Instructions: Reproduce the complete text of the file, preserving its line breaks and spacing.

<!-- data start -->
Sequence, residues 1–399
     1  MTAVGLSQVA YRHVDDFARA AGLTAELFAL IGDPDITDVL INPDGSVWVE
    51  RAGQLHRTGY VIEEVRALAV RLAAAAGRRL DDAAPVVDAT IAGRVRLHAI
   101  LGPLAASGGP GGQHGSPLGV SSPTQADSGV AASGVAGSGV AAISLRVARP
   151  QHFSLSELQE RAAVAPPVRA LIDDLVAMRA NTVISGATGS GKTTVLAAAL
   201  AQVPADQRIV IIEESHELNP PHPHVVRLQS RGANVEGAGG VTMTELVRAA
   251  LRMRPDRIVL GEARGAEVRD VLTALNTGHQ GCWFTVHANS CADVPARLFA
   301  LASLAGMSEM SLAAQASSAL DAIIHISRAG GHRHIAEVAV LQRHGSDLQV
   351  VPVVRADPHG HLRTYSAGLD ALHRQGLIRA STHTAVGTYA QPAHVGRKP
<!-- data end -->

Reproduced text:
Sequence, residues 1–399
     1  MTAVGLSQVA YRHVDDFARA AGLTAELFAL IGDPDITDVL INPDGSVWVE
    51  RAGQLHRTGY VIEEVRALAV RLAAAAGRRL DDAAPVVDAT IAGRVRLHAI
   101  LGPLAASGGP GGQHGSPLGV SSPTQADSGV AASGVAGSGV AAISLRVARP
   151  QHFSLSELQE RAAVAPPVRA LIDDLVAMRA NTVISGATGS GKTTVLAAAL
   201  AQVPADQRIV IIEESHELNP PHPHVVRLQS RGANVEGAGG VTMTELVRAA
   251  LRMRPDRIVL GEARGAEVRD VLTALNTGHQ GCWFTVHANS CADVPARLFA
   301  LASLAGMSEM SLAAQASSAL DAIIHISRAG GHRHIAEVAV LQRHGSDLQV
   351  VPVVRADPHG HLRTYSAGLD ALHRQGLIRA STHTAVGTYA QPAHVGRKP